For about the last 15 years, I have had a fantasy concerning the paper I would write if I actually won the Turing Award. After all, it is a once-in-a-lifetime opportunity to write a paper that is not subject to the whims of external reviewers. My fantasy was to write something personal and "outside the box," and it had several components. The first was to try to explain why system software is so hard to build, and why good teams screw it up on a regular basis. Second, it takes real perseverance to "stick it out" and make something actually work. The third was to talk about the start-up experience, and why venture capitalists usually deserve their reputation as "land sharks." Lastly, it is clear that luck plays a significant role in successful startups, and I wanted to explain that. The overarching theme was to use a significant physical challenge as a metaphor for system software development. Over the years, the physical challenge has varied between our cross-country bike ride in 1988, and my climbing all 48 4,000-foot mountains in New Hampshire.
So when Barbara Liskov asked to see me on March 6th, I was immediately apprehensive. It was unlikely to be a technical meeting, since I was not collaborating with her on any project at the moment. I also knew she was the head of the Turing committee, so I was expecting either good news (I won) or bad news (somebody else in system software had won and I would not realistically be a candidate for a few years). When she said it was the former, I teared up. The recognition and validation for my lifetime work was incredibly gratifying. On a more basic level, I actually got to realize my fantasy!
She said I could share the news with my wife, but nobody else until the press release came out some 2 weeks hence. Also, she mentioned that I would be asked to sign a letter committing to write a Turing paper in a timely fashion, give the Turing Lecture at FCRC on June 14th, attend the awards ceremony on June 20th, and make speaking appearances internationally. She also said there would be a ton of other speaking invitations. It was very sweet that she gave me the news in person, rather than via a phone call out of the blue. My wife and I had a private celebration that night.
Over the next two weeks, the hardest part was remembering who knew and who didn't, and acting accordingly. Obviously Barbara knew, as well as the faculty who nominated me; however, I had a couple of conversations of the form, "By the way, I know about it, and there is something we want to plan to do…."
On the morning of the announcement, I got about 400 e-mail messages, mostly from system software researchers and former students saying how delighted they were. It was a very touching show of support. It was especially touching to talk to my friend and colleague Dave Dewitt. He said it was truly ironic that the two events he had been eagerly awaiting (his daughter Lizzy getting married and me winning the Turing Award) were both going to happen on the same day 2,000 miles apart, and he could only attend one. I am sure you can guess which event won.
Now, I had to actually write the fantasy paper mentioned above. It turned out to be very uncomfortable. I am accustomed to writing and presenting dry technical material; however, my fantasy was a real emotional stretch for me. Presenting it was even harder. I tried it out on my wife, and then on Dave Dewitt and a few other senior DBMS researchers. I then presented it to the MIT DBMS community, and to audiences at two of the companies I started. Trying out the talk on these friendly audiences gave me the confidence to actually go through with the plan.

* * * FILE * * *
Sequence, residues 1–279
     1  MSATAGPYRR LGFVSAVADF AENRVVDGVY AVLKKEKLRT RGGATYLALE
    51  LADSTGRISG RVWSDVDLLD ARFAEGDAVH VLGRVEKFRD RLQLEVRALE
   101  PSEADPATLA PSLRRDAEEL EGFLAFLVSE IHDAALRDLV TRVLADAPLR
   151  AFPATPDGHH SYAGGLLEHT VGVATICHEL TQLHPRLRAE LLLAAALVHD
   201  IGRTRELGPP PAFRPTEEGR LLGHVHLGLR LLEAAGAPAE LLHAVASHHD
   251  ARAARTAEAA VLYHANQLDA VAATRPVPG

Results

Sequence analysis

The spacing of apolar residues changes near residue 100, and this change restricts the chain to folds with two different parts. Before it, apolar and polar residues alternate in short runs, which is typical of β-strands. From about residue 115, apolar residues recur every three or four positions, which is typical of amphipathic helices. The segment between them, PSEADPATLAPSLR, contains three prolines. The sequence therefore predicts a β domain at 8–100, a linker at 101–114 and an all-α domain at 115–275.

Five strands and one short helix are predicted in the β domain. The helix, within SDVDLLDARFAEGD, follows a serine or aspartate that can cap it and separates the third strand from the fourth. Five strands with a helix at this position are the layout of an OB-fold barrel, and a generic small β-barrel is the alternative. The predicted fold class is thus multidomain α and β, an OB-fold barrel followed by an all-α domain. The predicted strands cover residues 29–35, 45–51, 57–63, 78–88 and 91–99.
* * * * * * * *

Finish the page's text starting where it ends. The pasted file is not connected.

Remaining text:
It was exceedingly draining to give the talk at FCRC, since there were no DBMS people there to offer moral support. Also, the room was completely dark, so I couldn't judge how it was being received. I still don't have a good idea whether the audience liked it or not.
The next week was the actual awards ceremony in San Francisco. About 30 friends and colleagues showed up, and it was a very touching event. Again, I felt like it validated the relevance of database management to ACM. I hauled my tuxedo out of mothballs for the event (I hope that it can go back into mothballs for the rest of my life).
I am in a bit of a quandary about "what next." After all, there is no possible recognition to strive for off into the future. It is like being at the top of Mt. Everest; there is no "up" in sight. Some thoughts that occur to me: try to help/mentor Assistant Professors. After all, my experience (many moons ago) as an Assistant Professor was miserable, and stressful beyond belief. Helping out budding entrepreneurs is also on my radar. I am also concerned that U.S. enterprises are not very good at information technology. It is widely reported that two-thirds of all IT projects fail. Ultimately, successful companies will have to get good at IT, since that is obviously going to be a major differentiator off into the future. But how to make a difference?
I have a year ahead of me with quite a bit of travel, where I will get to talk to lots of people to try to figure this stuff out.
Michael Stonebraker is an adjunct professor in the Massachusetts Institute of Technology's Computer Science and Artificial Intelligence Laboratory, and recipient of the 2014 ACM A.M. Turing Award.
I had lunch with MS and a few others in the hotel restaurant during Data Engg. conference around 1988, when I was an Assistant Professor. I am touched to see he calls it "miserable and stressful beyond belief", because the lunch that day itself is the most stressful and miserable lunch in my life. This is because I am trying "to make contact". One good thing is that, I get to tell people that I had lunch with MS and others, 27 years back.
MS is a remarkable SUPER MAN, and our field advances and makes progress because of such people.
M V Ramakrishna, Professor, SJBIT, Bengaluru
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